Giving money or assets during your lifetime is one of the most common Inheritance Tax avoidance strategies. However, there are various rules to follow, as the value of your estate will include any lifetime gifts made within the seven years leading up to your death.
Lifetime gifts are generally either:
Exempt transfers – gifts you can legitimately make any time without incurring IHT, e.g. gifts of any value between spouses or registered civil partners; annual gifts of up to £3,000 in each tax year; regular payments out of your income that leave enough to fund your normal lifestyle; wedding or civil partnership ceremony gifts up to a certain amount, and small gifts of up to £250 per person per year. Also included in this category are gifts to charities, political parties or national organisations.
Potentially exempt transfers (PETs) – gifts to individuals and certain specific types of trusts which exceed the available exemptions above. There is no tax to pay straight away when you make the transfer, but IHT must be paid if you die within seven years and the value of the PET takes you above the nil rate band. Gifts made less than three years prior to your death incur the full 40% tax charge. Gifts made three to seven years before death are taxed on a sliding scale known as taper relief.
Chargeable lifetime transfers (CLTs) – non-outright gifts, e.g. a gift into a flexible or discretionary trust. There is no IHT to pay on a CLT, providing the total amount of CLTs in the previous seven years is lower than the available nil rate band. Chargeable lifetime transfers will usually fall outside of your estate for IHT purposes if you survive for at least seven years after the CLT was made. However, if you die within seven years of making the CLT, then its value will be part of your estate.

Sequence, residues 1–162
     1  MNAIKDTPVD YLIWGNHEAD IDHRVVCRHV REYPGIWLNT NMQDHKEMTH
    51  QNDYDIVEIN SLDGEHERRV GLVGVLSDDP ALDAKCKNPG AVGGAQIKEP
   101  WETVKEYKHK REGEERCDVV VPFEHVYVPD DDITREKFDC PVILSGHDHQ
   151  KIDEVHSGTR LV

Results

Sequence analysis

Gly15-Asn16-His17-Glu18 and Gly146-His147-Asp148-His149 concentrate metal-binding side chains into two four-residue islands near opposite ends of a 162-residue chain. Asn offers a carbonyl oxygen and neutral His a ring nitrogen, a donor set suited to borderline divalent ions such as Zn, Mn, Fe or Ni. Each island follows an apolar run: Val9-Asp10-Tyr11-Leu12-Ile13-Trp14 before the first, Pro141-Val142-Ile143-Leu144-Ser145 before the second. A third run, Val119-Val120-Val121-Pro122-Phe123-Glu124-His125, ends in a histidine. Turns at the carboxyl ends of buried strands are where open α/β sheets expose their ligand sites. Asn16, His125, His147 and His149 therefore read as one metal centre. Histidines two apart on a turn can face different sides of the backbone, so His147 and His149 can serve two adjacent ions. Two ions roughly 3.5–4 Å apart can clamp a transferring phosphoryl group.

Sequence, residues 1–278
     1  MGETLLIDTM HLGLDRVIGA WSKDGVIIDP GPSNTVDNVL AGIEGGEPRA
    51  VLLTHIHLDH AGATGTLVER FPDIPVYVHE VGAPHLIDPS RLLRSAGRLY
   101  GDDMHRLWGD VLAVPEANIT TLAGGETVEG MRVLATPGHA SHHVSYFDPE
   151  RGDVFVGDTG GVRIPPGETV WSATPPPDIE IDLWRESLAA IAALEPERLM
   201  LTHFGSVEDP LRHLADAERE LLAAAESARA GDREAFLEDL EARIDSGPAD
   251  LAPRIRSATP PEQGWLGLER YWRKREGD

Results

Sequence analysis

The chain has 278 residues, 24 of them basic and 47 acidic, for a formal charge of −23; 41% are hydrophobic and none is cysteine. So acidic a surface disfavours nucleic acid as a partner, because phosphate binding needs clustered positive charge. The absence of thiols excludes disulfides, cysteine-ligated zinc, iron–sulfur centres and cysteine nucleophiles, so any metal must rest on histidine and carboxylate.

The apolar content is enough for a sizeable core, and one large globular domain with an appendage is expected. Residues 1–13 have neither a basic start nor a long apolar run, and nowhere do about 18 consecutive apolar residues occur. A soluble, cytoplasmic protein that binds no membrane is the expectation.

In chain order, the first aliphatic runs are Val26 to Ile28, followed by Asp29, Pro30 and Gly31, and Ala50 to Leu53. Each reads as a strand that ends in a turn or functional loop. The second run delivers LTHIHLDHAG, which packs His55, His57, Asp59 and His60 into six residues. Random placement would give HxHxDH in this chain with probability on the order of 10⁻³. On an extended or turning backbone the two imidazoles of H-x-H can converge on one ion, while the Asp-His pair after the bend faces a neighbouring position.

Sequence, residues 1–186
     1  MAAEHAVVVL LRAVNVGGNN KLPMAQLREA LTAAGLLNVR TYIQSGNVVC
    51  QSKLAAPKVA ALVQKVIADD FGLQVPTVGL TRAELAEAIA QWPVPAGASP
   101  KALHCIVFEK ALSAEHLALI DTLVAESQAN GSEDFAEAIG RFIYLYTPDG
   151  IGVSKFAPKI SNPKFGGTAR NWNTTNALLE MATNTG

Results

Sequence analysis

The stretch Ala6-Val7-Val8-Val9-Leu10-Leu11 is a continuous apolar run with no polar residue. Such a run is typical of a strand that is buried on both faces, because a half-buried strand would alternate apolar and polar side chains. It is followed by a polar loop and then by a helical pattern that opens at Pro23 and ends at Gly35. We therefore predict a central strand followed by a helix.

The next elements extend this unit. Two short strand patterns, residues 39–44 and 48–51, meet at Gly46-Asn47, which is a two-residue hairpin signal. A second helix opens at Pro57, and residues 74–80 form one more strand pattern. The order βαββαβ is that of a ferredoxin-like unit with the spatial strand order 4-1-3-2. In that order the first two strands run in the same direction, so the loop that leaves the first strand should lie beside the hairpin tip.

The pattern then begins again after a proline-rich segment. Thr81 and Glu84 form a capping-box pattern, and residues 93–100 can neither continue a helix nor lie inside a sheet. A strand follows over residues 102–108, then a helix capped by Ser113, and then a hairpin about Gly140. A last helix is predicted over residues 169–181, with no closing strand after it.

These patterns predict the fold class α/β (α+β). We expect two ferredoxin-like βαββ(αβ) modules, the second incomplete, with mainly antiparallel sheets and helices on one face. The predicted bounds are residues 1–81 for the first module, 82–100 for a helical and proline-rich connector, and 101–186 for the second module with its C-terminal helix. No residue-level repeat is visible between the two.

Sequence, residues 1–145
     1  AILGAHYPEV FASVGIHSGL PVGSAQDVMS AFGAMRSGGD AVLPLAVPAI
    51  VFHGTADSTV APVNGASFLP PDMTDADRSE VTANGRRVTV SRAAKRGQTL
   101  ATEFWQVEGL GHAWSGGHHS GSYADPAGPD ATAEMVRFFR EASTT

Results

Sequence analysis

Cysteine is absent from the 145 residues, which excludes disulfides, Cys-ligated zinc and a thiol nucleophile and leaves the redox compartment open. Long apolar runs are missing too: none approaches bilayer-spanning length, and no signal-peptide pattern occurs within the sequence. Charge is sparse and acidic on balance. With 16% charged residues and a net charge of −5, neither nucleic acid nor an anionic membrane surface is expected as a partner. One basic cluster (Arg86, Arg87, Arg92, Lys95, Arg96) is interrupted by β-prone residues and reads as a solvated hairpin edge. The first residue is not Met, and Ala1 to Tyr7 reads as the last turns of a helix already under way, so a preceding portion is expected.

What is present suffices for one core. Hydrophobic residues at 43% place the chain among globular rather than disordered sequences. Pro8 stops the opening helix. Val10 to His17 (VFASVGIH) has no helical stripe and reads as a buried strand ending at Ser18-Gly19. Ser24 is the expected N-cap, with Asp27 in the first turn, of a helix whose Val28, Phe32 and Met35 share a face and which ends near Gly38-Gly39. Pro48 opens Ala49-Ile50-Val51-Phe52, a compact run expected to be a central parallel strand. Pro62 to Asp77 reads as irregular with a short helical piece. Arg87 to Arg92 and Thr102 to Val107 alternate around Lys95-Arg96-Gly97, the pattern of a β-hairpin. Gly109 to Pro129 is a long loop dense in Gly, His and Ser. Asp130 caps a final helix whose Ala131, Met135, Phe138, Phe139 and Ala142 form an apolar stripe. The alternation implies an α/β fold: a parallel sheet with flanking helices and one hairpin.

Putting a life insurance policy in trust is a simple way to make sure it does not count as part of your estate.
A trust works by passing ownership of the life insurance policy to named people (‘trustees’). As it is no longer yours, it cannot be treated as part of your estate when you die. This means that your beneficiaries will receive the full benefit of the policy, without any tax deductions.
Even with your life insurance in trust, your estate may still exceed the IHT threshold. However, there are ways to use life insurance for Inheritance Tax planning, effectively using the policy to pay the tax bill.
If you have a ‘whole of life’ policy, also known as ‘life assurance’, you will receive a guaranteed payout when you die, at any time for as long as the policy is in place. This is as opposed to ‘term life insurance’, which only pays out if you die within a specific period, for example 10, 15 or 20 years. Life assurance can be used to pay the IHT bill, although it will depend on its value as to how much of the bill it will be able to cover.
Looking for legal Inheritance Tax avoidance strategies? Talk to Partridge Muir & Warren.
At Partridge Muir & Warren, we have been providing professional financial, estate and tax planning services Surrey wide since 1969. As chartered financial planners, we are considered to have reached the ‘gold standard’ for our industry, which means even greater peace of mind for our clients.
We offer a comprehensive Inheritance Tax planning service, courtesy of a team of highly skilled chartered financial advisers, investment administrators, tax advisers and legal specialists. This means that you are able to benefit from all-round advice that covers every aspect of your financial and tax related needs.
If you would like to discover how our Inheritance Tax avoidance strategies could potentially save you and your loved ones money, you are welcome to get in touch.